This past weekend I spent four days embedded in a competitive BBQ team at the Memphis in May World Championship BBQ contest. The team, known as the Fatback Collective, is a group of all-star chefs, pitmasters, restaurateurs and writers including Nick Pihakis, Drew Robinson of Jim ‘N Nick’s Bar-B-Q, Southern Foodways Director John T. Edge and Donald Link of Cochon in New Orleans.
Look for a full account of my experience with the team as part of next month’s installment of Food Republic’s Year of Barbecue series. But in the meantime, here are the seven best things that I ate and drink during the loooooong weekend in Memphis.
John Currence’s Fried Chicken Livers
Currence, who was recently profiled on Food Republic, is the heart and soul of the Fatback Collective. Known as “Johnny Snack” or “Big Bad Chef,” Currence was only able to attend Thursday night’s festivities because he had to return to his restaurant in Oxford, MS — City Grocery — to preside over the establishment’s 20th birthday party.
Before he left, he prepared a team meal that included transcendent fried chicken livers. Perfectly cooked to a crispy golden brown on the outside and unctuous and earthy on the inside, these chicken livers were a great demonstration of the talents that have earned Johnny Snack such acclaim.
Sean Brock’s Seafood Boil
If Currence is the heart of the Fatback team, Sean Brock of Husk and McCrady’s in Charleston may well be the brains. Brock also fed the team exceptionally well with a heaping pile of clams and shrimp he brought from Charleston. They were boiled low-country style with corn, several varieties of heritage potatoes and all the delicious spice that diners at his restaurants have come to expect.
Ashley Christensen’s Pimento Cheese
As the sole female member of Fatback Collective, Christensen brought a distinct perspective to the team. As the meals were planned, she also made sure that everyone got at least one green leafy vegetable on the plate. I was never so glad to see a big bowl of salad on the bar after three days of pork overdose. Not that Christensen didn’t also make some wonderfully unhealthy treats as well. Her pimento cheese recipe is the basis of an outrageous pimento mac and cheese dish at her Raleigh restaurant, Poole’s Diner. With a creamy texture and tangy flavor contributed by the use of Hook’s 3-year-old sharp cheddar, this pimento cheese hit the spot and rubbed it out.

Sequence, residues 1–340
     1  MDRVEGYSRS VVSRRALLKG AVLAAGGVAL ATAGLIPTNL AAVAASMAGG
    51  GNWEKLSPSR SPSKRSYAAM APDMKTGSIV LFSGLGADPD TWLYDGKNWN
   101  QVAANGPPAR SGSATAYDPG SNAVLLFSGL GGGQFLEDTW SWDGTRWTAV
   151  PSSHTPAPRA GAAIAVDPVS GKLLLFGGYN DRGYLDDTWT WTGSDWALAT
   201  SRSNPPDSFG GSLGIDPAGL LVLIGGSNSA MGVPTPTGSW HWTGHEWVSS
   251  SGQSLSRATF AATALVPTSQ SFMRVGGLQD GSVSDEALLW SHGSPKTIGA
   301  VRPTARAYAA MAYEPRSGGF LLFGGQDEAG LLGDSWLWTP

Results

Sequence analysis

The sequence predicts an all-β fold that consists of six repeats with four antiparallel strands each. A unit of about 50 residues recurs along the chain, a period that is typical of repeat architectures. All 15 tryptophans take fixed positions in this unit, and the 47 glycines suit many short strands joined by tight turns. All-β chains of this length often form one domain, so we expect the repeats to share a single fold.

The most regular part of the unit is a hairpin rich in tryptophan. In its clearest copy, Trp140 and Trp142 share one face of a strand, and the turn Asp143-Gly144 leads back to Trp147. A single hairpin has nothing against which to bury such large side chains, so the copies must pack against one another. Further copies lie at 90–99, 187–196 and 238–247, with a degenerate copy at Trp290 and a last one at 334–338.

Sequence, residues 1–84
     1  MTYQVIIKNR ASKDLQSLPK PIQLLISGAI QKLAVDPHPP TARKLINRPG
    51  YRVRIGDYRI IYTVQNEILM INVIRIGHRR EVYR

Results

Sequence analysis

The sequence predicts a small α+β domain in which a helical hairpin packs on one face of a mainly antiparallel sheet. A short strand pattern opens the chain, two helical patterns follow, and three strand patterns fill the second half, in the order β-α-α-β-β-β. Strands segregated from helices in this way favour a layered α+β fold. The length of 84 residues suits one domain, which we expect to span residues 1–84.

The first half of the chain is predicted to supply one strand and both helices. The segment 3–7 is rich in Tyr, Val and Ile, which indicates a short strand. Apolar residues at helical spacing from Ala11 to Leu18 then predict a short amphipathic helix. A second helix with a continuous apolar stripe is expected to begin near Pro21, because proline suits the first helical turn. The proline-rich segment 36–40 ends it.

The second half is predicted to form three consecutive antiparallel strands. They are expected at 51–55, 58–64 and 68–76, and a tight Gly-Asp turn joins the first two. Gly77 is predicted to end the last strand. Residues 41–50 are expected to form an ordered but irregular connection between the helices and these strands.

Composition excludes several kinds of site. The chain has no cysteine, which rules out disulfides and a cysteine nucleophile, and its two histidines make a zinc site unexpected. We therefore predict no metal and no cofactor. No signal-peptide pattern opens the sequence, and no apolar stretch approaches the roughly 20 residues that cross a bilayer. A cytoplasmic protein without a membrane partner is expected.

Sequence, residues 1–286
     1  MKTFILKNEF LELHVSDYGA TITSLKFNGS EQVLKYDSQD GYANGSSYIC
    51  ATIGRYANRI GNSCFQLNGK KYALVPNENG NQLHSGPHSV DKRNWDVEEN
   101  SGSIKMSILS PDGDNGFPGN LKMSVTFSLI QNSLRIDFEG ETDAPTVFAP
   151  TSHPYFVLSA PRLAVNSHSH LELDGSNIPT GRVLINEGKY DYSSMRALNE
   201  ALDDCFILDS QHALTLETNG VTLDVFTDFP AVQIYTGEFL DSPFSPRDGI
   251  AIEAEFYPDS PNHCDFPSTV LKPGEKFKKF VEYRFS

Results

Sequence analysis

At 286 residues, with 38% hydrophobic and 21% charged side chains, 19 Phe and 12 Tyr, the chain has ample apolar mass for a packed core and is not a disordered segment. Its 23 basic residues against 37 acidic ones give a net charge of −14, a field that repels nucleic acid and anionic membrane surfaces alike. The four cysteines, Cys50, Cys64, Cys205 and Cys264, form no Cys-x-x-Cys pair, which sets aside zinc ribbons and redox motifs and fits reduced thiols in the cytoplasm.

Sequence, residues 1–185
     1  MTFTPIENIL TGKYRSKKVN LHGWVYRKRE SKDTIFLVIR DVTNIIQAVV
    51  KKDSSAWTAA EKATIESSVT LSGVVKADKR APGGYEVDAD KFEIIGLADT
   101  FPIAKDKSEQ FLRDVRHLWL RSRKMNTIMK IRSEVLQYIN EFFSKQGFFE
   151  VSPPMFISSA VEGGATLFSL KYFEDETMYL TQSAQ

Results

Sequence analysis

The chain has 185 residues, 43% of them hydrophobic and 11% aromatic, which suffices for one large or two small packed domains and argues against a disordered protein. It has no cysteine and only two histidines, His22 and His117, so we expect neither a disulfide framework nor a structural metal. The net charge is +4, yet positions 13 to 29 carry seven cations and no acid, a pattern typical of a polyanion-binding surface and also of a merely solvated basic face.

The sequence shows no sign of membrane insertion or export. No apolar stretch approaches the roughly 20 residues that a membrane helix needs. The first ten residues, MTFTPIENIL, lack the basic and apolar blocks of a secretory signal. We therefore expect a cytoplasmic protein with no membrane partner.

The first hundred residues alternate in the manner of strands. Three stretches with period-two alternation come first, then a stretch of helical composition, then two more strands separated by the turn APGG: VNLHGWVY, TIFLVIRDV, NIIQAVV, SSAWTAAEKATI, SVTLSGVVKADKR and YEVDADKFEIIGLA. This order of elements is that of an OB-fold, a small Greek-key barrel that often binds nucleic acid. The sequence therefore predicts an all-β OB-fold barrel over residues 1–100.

Border Springs Lamb Asado
Craig Rogers is known as the purveyor of some of the best lamb in the United States. Rogers brought one of his finest lambs for the Fatback Collective to cook in the South American asado style, a technique the team learned while on a field trip to Uruguay, which Drew Robinson recounted this winter on Food Republic.
The intention was to enter this lamb in Memphis in May’s “Exotic” category, which basically covers everything that isn’t pork or poultry. While this smoky lamb was some of the most amazing meat I’ve ever been lucky enough to eat, the category was won by another team who grilled what they called “Rat Bastards,” a stuffed jalapeño wrapped it in bacon. Go figure.
It’s a Wednesday night tradition for the barbecue teams to host each other in their tents to rekindle old friendships and engage in a little good-natured trash talk. Ubon’s Smokehouse out of Yazoo City, MS makes some award-winning barbecue.
They are best known around Tom Lee Park in Memphis for their Ubon’s Special, a deceptively powerful concoction of whiskey, pineapple juice and Sprite. With the final addition of some fresh pineapple chunks in the glass, this drink goes down so easily that you might need help finding your way back to your tent after the second one. “Remind me, were we Pigzilla or Porkasaurus? Screw it, I’ll just sleep on this bench along the river.”
Dry-Aged Boneless Double Strip Steak from Lobel’s
While the Peg Leg Porkers team may be a bunch of Southern boys, it doesn’t mean they don’t appreciate a great steak from this legendary New York City butcher shop. Designed to be shared by two diners, this succulent strip steak was almost four inches thick and required a deft touch on the grill to achieve the perfect char on the outside while maintaining a cool pink center.
At almost $100 apiece, these steaks were a special treat from the team captain to those of us who worked hard setting up the tent before the rest of the slackers on the team rolled in for the weekend’s festivities.
Gus’s World Famous Fried Chicken
In the hour between the final judge’s booth visit and finding out whether the Fatback Collective would make it to the finals for the second year in a row, the tension in the tent was palpable. Each of the team members had already established their individual reputations in their field of expertise, but to turn their competitive fate over to a panel of anonymous judges eating their heritage swine out of white Styrofoam boxes was killing the Fatback team.
How best to take the edge off? Clearly the answer was a buffet spread of Gus’s World Famous Fried Chicken. The original location is still in a shack in Mason, TN about an hour from Memphis, but fortunately there are now several outposts within the city limits of the metropolis that deliver to the tent in a timely manner. Thanks to the extremely spicy fried chicken, the team members had an excuse for why they were sweating while they waited for the news from the judges’ tent.
So did the Fatback Collective make the finals? Did the upstart Peg Leg Porkers team pull an upset over some of their better-financed competition? Don’t just Google the results. Wait until the next chapters of “The Year of Barbecue” and all will be revealed.